Like so many mothers in her situation, Sandra may have given up much to devote her life to Jamie, but she is still her own person and it is a stupid man that tries to ‘look after’ or patronise her – the main reason her and Tony’s romance is doomed from the start in my opinion. Kyla brings all these facets to Sandra’s personality perfectly and still has enough to enable her to show her own vulnerable side. Finally, moving to the two boys and the magnificent job done by Ryan and Joshua as Ste and Jamie respectively. Both actors bring off the south-east London teenage persona in different by highly complementary ways. Ste, on the surface a typical lad, ashamed for crying after suffering another beating at the hands of his family and Jamie, a sensitive boy who dislikes sports and is unsure of his place in the world. The two of them are very different but together there is a real chemistry that is the result of the great writing and excellent acting.

There really is nothing to fault production wise in this show. David Shields has created a set that is so reminiscent of the walkways common to these types of flats that you feel he could have been an architect. My one really minor gripe was that Canary Wharf on the backdrop looked, to my mind, slightly larger than I would expect it to appear from Thamesmead. However, that may be a moot point and the rest of the set was perfect, especially the way Jamie’s bedroom was created. Steven Dexter’s directing was spot on and with Mama Cass’ back catalogue to choose from, Andy Hill couldn’t possibly go wrong with the sound design.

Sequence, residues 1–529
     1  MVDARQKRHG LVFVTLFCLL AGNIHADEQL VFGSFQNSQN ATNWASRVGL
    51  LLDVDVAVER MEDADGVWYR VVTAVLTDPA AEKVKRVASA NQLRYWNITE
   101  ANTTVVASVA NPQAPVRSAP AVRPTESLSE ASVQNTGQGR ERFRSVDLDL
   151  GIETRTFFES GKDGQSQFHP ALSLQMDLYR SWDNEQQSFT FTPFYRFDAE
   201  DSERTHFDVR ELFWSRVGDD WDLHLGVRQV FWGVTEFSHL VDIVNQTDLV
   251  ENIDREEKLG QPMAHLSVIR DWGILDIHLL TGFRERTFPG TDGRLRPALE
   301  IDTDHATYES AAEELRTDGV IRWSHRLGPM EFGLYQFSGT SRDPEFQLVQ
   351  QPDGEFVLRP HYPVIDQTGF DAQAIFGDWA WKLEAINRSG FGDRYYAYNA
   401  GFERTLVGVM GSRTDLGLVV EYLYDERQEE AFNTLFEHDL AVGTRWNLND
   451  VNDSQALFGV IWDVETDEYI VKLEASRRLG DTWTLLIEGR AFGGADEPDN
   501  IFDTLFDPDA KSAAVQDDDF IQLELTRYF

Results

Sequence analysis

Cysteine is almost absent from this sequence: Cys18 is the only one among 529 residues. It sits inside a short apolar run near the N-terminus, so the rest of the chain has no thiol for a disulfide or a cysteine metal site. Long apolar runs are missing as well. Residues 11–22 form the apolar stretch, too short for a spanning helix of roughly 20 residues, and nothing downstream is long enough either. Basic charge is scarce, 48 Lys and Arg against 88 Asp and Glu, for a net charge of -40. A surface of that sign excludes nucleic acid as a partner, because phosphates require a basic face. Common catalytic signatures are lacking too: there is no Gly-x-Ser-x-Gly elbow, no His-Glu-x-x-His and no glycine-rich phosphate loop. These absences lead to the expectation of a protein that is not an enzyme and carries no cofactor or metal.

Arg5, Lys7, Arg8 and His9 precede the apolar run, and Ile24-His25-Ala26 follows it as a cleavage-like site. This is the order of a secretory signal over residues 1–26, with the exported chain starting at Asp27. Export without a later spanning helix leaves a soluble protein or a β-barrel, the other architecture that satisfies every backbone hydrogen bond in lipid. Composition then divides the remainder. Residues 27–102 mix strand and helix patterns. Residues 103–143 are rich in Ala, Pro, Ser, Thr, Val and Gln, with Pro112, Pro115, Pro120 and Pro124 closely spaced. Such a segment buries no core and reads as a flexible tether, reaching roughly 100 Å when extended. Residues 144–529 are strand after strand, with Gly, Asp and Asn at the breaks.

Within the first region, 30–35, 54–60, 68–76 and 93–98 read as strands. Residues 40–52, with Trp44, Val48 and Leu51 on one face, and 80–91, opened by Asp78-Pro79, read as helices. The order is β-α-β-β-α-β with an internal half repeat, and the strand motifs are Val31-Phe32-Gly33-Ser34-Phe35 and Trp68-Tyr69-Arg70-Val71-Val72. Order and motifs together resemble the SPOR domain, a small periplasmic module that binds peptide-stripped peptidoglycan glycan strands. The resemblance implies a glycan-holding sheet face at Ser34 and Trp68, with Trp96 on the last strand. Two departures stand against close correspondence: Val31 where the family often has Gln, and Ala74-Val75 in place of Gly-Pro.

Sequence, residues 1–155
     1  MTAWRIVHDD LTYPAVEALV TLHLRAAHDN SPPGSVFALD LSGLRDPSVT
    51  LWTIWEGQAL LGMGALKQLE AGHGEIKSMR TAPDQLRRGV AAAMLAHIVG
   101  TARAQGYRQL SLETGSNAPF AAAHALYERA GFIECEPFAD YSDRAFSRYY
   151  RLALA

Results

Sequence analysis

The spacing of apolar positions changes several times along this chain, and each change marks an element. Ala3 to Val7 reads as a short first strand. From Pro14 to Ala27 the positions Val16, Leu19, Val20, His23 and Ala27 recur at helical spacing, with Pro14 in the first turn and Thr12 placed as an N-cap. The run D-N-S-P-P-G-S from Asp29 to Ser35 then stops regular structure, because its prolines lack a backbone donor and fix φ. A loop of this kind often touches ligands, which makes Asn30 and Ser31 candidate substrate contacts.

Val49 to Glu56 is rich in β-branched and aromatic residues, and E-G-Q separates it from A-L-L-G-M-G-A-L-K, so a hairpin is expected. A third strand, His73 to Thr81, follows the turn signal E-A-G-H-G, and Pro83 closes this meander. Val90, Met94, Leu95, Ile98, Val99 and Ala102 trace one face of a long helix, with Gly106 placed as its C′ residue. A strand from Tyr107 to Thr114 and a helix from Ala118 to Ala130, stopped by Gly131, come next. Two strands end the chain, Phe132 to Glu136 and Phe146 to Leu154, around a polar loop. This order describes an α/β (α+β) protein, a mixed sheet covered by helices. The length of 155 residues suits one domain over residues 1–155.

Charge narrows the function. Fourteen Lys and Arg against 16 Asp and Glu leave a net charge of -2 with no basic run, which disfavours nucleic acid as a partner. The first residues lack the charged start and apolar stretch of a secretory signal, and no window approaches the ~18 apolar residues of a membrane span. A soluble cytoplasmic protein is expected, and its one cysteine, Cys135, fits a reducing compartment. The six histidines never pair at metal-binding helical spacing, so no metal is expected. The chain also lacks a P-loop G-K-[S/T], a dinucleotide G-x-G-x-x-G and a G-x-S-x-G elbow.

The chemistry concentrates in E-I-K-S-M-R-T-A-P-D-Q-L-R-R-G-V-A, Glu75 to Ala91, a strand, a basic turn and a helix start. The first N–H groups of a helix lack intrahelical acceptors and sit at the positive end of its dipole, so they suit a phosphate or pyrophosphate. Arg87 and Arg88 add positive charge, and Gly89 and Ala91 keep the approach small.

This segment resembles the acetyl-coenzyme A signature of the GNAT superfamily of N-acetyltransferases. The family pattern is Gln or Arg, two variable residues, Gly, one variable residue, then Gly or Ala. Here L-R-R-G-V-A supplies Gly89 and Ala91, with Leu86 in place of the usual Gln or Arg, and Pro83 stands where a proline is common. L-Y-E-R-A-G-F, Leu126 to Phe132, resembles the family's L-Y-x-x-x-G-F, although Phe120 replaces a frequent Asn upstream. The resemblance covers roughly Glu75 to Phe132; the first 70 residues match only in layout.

The first version of Beautiful Thing I saw was the movie and I was completely entranced by the wonderful gentleness and positivity of the story. Then in 2013, I saw the stage version at the Arts theatre and this took my appreciation to a new level. But I have to say, this latest version of the play, in the new above the Stag Theatre building, is now the yardstick against which all other productions will need to be measured. As we left the theatre, I asked my companion, Michael, if he would have given the show 5 stars. His answer, ‘can’t you give it more?’ I can’t but I understand exactly where he is coming from. The show is on until the 29th June so there is still time to book a ticket and treat yourself to a truly fantastic evening at the theatre.

5 Star Rating

Review by Terry Eastham

Beautiful Thing is a heart-melting story about teenage love blooming on a Thamesmead council estate. Jamie is secretly in love with his sporty and more sociable schoolmate, Ste. When Ste is badly beaten up by his violent father and brother, Jamie and his mum offer Ste a place to stay. But they don’t have a spare bedroom – or bed.

With hilariously memorable supporting characters and a summery soundtrack of Mama Cass songs, Beautiful Thing is a tender and optimistic play about two damaged boys and the love that heals them. Since premiering at the Bush Theatre in 1993, Beautiful Thing has established itself as a modern classic, and was made into a much-loved, groundbreaking film.

Director: Steven Dexter
Designer: David Shields
Lighting designer: Jack Weir
Casting: Harry Blumenau for Debbie O’Brien Casting
Producer: Peter Bull for Above The Stag Theatre

Beautiful Thing
by Jonathan Harvey
25th Anniversary production

Above The Stag Theatre, Vauxhall
72 Albert Embankment, London SE1 7TP